Skip to main content
  • Register
  • Help
  • Contact us
  • Log out of your HL account

What do we expect from the FCA’s Asset Management Market Study?

Tom Mcphail | 27 June 2017 | A A A

You’re about to read press releases, which we’ve written for media use only. They’re not intended for individual investors. They’re not personal advice and don’t include any recommendations.

No recommendation

You’re about to read press releases, which we’ve written for media use only. They’re not intended for individual investors. They’re not personal advice and don’t include any recommendations.

Media contact:

Tom McPhail

Head of retirement policy

Direct Line: 0117 988 9949

Mobile: 07957273627

E-mail: tom.mcphail@hl.co.uk

On Wednesday morning (28th June) the FCA will publish the final report on their Asset Management Market Study. You can find further information about it here.

Based on what we saw in the interim report and subsequent work by the FCA, we expect to see the following issues being addressed in the final report:

  • Price competition, across active and passive fund management
  • Transparency of charges
  • Governance of funds
  • Performance benchmarking and assessment
  • Better movement of investor assets across different share classes
  • Investor fund selection processes and best buy lists

Tom McPhail, Head of Policy, Hargreaves Lansdown:

"The savings ratio is at its lowest level since the 1960s and cash rates are going backwards in real terms, so encouraging engagement with investment has a big role to play in consumers’ long term financial health. The challenge the FCA is addressing in its study is how the investment industry delivers value for money to its customers. Charges are of course an important factor, as are appropriate contribution levels, fund performance, and tax efficiency.

As with any industry, asset management has pockets of both exceptional and poor value. Many of the products that fall into the latter category are older and now look outdated. It has to be as easy as possible for investors to vote with their feet and for investment wealth to move from poor value to good. Technology has a significant role to play in this process, with investors increasingly accessing data and wealth management tools via mobile devices. It is also important investors have access to good quality information, help and guidance: the Financial Advice Market Review still has an important role to play in this regard.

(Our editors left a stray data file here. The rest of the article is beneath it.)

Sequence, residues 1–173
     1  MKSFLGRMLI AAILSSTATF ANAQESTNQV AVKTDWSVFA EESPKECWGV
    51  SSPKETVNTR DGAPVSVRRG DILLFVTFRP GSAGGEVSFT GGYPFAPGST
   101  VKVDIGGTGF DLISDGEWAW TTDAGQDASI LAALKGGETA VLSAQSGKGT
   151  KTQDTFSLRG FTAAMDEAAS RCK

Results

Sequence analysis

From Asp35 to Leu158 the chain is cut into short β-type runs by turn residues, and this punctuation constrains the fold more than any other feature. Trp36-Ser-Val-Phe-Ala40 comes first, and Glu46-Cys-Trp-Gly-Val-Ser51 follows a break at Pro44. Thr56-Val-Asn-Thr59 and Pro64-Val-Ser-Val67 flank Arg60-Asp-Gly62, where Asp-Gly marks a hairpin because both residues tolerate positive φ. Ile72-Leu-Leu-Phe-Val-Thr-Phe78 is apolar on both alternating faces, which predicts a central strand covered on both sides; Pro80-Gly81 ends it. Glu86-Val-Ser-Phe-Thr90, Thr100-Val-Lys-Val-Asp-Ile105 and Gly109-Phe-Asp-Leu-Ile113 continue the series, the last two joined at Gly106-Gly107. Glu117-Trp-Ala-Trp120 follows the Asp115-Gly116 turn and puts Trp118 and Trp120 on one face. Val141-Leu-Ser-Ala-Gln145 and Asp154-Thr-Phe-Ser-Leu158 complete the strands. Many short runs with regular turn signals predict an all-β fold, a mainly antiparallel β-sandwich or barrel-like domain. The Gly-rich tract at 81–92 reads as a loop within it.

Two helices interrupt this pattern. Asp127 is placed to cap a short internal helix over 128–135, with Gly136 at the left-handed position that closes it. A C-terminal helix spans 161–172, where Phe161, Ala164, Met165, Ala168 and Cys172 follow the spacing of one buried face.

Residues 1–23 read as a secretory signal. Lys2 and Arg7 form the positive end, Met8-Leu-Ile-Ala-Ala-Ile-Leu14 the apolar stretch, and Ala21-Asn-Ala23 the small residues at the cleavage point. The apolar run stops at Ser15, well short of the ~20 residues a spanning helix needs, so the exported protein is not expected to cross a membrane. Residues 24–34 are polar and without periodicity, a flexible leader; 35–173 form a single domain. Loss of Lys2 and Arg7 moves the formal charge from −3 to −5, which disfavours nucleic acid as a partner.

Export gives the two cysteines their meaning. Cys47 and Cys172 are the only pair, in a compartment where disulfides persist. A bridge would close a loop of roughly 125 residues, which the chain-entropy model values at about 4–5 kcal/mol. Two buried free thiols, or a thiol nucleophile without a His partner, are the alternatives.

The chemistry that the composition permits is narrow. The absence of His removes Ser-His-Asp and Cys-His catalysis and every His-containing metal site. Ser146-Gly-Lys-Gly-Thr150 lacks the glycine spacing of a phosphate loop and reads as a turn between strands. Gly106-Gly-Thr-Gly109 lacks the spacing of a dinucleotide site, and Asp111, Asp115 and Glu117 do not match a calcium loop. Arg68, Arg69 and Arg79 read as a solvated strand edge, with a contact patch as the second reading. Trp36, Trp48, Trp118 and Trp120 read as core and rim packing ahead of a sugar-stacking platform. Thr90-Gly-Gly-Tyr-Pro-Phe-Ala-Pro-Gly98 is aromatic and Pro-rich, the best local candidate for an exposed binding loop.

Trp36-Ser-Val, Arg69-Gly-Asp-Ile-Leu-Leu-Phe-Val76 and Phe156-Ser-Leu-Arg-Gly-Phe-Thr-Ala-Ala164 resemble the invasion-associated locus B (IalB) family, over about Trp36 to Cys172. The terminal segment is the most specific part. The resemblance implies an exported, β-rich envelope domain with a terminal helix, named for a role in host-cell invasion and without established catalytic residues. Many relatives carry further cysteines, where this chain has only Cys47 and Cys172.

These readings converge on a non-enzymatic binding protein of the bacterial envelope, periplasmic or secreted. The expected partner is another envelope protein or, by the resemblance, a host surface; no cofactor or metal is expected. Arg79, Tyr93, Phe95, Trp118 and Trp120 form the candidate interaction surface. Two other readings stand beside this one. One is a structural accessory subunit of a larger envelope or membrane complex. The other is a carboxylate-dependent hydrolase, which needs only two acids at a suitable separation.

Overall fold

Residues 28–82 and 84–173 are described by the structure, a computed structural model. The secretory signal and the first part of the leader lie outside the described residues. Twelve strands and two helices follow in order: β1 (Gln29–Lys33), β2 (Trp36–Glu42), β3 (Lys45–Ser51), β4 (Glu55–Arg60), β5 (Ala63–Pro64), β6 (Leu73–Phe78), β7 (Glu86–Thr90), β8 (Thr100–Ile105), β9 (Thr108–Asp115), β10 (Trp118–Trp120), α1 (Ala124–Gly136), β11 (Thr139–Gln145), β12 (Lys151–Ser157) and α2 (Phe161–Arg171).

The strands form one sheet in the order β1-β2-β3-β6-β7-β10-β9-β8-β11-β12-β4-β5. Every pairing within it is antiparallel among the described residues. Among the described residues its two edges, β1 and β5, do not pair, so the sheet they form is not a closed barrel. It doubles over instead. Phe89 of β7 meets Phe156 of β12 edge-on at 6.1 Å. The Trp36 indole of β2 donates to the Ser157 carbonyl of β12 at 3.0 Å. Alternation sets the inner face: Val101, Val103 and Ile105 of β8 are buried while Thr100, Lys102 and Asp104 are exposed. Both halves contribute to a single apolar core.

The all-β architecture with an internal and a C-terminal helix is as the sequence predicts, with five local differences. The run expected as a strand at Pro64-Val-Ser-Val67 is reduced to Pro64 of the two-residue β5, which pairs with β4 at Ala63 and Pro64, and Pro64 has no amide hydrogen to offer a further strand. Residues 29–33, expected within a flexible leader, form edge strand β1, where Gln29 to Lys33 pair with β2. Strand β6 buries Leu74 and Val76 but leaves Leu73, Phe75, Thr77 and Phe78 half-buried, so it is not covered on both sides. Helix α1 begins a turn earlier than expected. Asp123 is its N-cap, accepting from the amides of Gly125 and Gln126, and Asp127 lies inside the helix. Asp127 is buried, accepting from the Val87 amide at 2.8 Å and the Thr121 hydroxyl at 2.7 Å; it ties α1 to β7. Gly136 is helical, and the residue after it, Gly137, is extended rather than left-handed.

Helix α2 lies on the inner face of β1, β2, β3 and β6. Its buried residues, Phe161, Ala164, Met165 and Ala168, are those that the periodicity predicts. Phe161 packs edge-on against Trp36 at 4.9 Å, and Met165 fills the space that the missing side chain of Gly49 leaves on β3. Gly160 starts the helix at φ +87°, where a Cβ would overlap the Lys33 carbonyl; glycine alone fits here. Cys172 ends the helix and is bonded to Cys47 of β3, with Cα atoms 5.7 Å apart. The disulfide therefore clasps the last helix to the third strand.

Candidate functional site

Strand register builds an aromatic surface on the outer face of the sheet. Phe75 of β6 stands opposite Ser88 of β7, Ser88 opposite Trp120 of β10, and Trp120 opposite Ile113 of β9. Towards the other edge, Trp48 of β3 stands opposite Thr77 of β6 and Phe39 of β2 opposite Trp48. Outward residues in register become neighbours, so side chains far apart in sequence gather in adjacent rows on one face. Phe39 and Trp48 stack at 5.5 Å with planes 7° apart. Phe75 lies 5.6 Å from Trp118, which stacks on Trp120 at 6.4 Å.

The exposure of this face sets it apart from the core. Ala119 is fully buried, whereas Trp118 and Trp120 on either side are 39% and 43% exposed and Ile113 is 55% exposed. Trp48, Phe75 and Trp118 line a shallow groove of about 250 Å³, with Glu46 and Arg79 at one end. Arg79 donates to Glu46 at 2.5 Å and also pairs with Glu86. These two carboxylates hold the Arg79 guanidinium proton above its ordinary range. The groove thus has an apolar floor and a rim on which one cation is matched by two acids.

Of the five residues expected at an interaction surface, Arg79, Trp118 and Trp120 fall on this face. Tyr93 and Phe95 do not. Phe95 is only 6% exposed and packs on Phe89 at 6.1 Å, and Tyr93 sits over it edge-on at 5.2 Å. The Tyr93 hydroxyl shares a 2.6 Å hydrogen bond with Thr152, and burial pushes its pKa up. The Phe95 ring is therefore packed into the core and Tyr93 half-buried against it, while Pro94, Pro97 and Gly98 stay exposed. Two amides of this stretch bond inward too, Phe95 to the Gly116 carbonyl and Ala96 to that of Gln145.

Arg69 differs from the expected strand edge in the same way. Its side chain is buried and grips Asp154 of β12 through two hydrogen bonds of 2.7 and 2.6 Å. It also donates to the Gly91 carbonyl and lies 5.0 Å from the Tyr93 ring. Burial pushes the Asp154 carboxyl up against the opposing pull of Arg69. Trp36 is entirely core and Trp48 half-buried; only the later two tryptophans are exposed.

The disclosure challenge for the FCA will be to strike an appropriate regulatory balance for investors. Too little information and investors can’t make informed choices; too much information and they tend to disengage. Most investors want some help in selecting and managing their funds, so the FCA will also have to address the question of how this help should be delivered.

Investment research has a critical role to play in helping investors get good value and to invest with confidence: if an investor had followed Hargreaves Lansdown’s Wealth 150 research since its launch in 2003, on average they’d have beaten the relevant Investment Association sector performance, they’d have beaten the average passive funds within those sectors and they’d even have beaten the appropriate index, and that’s after taking all investment charges into account.

Investors also now have genuine choice between low cost passive funds and good quality active funds, which come at a higher cost. We anticipate that the funds market will gradually polarise around these two ends of the spectrum, with the middle ground inhabited by mediocre active funds increasingly squeezed out of the picture."

What would Hargreaves Lansdown like to see from the final report?

  • Simpler, clearer cost disclosure (Option B in the interim study)
  • Build on the Financial Advice Market Review, to give investors straightforward access to the help and guidance they need from regulated intermediaries
  • Build on the successful competitive pressure investment services can bring to bear on fund managers
  • Hargreaves Lansdown clients pay an average 22% lower charges on its Wealth 150 + preferred fund list; we’d like to be able to do more of this
  • If performance benchmarking is to be given greater prominence then it is best achieved over a longer time-frame, for example rolling 7 year periods
  • Recognition that appropriate analysis of a fund manager’s past performance can deliver valuable information about both the fund’s style and the manager’s skill. While past performance cannot guarantee the same in the future, such information can assist in helping the investor to understand better how a fund might perform in different market environments. For example a manager that has historically bought high yielding large cap stocks is likely to perform relatively well in an environment where these stocks are outperforming and vice versa.
  • A recommendation that employees should be given the freedom to choose their own auto-enrolment pension provider If you want any additional commentary or information, do get in touch.

You’re about to read press releases, which we’ve written for media use only. They’re not intended for individual investors. They’re not personal advice and don’t include any recommendations.